Too many community association boards of directors avoid the question of how to deal with delinquent assessments until it falls squarely in their lap. When that happens, some quickly pull the trigger and start pursuing foreclosure, while others drag their feet or attempt various ad hoc measures.
You can help them avoid these potentially risky and costly responses by working with them to develop effective collection policies that are applied on a consistent basis.
The Case for Formal Collections Policies
According to Mitch Drimmer, vice president of business development at Axela Technologies, a national collections firm that specializes in association collections, not many associations have formal collection policies in place.
Some associations just turn to the governing documents when the issue comes up. “But many governing documents aren’t really geared toward collections,” Drimmer says. “They’re geared toward sending a delinquent owner to an attorney.” The attorney typically engages in the legal process of filing a lien, foreclosing, and taking title.
Foreclosure isn’t always the optimal route, though. “Every option needs to be explored prior to commencing a foreclosure,” says Paul Grucza, director of education and client engagement for CWD Group, Inc., an association management company in the Pacific Northwest.
Drimmer points out that the current economy boosts the odds of collection.
“It’s easier to recover money today than it was 2007 to 2013,” he says. “If you have equity, who wants to lose a home over a few thousand dollars in maintenance fees? Back then, you had no choice [other than to foreclose], but nowadays it doesn’t make sense because if you engage with these people, they’ll pay.”
That’s where the collections policy comes in. It provides a road map that an association can follow before turning to legal remedies.
The 5 Critical Elements
Drimmer says “uniform collection policies” are built on five components.
1. The delinquency threshold. The first step is for the board to determine when an owner will be declared delinquent on his or her assessments — after one month, two, three? Drimmer suggests a 60-day threshold.
2. The courtesy letter timeline. The policy should designate when the association manager will send the first “courtesy letter” letter (for example, seven days after the due date or expiration of the grace period for the missed payment) and any follow-ups.
Drimmer says managers should exercise caution when sending such letters: “Managers should never send a demand letter because then they’re in the practice of collections and subject to the Fair Credit Reporting Act fines and regulations.
“Instead, send a courtesy reminder that states the facts. Never make a demand or make threats, just tell them that a check was missing.”
3. The solution provider. If the courtesy letters don’t prompt payment, it’s time to turn to a professional — an attorney or a collection agency. “The default is the attorney because associations, especially condos, are creatures of statute so there are always lawyers around,” Drimmer says.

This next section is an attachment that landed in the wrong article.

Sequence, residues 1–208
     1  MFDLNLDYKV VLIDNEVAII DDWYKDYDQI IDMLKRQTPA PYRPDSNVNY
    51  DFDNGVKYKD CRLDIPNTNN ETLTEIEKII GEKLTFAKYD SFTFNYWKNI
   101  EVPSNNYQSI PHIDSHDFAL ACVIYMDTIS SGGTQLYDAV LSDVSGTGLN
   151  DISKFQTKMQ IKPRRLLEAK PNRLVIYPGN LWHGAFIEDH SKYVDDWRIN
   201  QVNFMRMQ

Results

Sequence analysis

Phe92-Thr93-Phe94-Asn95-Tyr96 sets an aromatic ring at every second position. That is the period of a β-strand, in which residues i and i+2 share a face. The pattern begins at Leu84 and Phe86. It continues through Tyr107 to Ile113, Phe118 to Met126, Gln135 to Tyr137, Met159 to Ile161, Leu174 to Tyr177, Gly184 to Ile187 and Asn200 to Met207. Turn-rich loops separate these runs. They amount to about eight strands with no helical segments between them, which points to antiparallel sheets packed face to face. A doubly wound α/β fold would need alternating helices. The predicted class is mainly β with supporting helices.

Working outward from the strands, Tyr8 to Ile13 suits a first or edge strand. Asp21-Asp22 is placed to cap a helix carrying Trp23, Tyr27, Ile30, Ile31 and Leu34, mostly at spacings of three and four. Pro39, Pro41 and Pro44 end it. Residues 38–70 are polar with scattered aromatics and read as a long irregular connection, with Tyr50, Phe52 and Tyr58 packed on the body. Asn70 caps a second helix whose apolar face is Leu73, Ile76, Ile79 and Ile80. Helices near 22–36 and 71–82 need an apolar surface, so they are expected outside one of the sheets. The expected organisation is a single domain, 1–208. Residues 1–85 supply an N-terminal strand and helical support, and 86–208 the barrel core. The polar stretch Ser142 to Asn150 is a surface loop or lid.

“It is always better to attempt to collect delinquent assessments rather than foreclose,” Grucza says. “The association is never in an appropriate position to own property, simply because of the costs involved, the carrying costs to the association, and the nuisance the unit creates until it’s re-sold.”
Drimmer generally favors collections over foreclosure, too, but is less equivocal. “I do get cases where the owner doesn’t have much equity, and they’ve dug themselves into a deep hole because the association didn’t have a uniform collections policy and just let things go,” he says. When it’s clear such an owner isn’t going to pay, Drimmer thinks you should foreclose, assuming the mortgage holder isn’t moving toward foreclosure.
In most cases, though, associations will be better off trying to collect before bringing in the legal guns. (Note: State law may require associations to satisfy certain steps before submitting an owner’s debt to a collection agency.)
4. Penalties. If provided by the governing documents, the policy should state the interest and late fees that will be charged. Drimmer takes a hard line against waivers of these fees. “That opens you up to claims of unequal enforcement,” he says. The board also might consider suspending voting rights or the rights to use amenities.
Explicitly stating the penalties can help deter boards from taking matters into their own hands — or instructing managers to do so. Drimmer has seen boards cut off utilities or deny unit access.
The problem isn’t just that those acts are illegal, he says. “Suppose someone has a heart attack and picks up the phone to call for help, but it’s dead. Or someone can’t access the medication in their unit. Do you want to be on the other end of that lawsuit?”
5. Payment options. In some states, associations have no choice; they’re legally required to offer a payment plan. In others, the board must decide whether it will accept payment plans. If so, the policy should spell out the requisite conditions an owner must meet and how long plans can run (generally, you should limit plans to no longer than 12 months, where legally permissible). And any payment plan must be formally documented.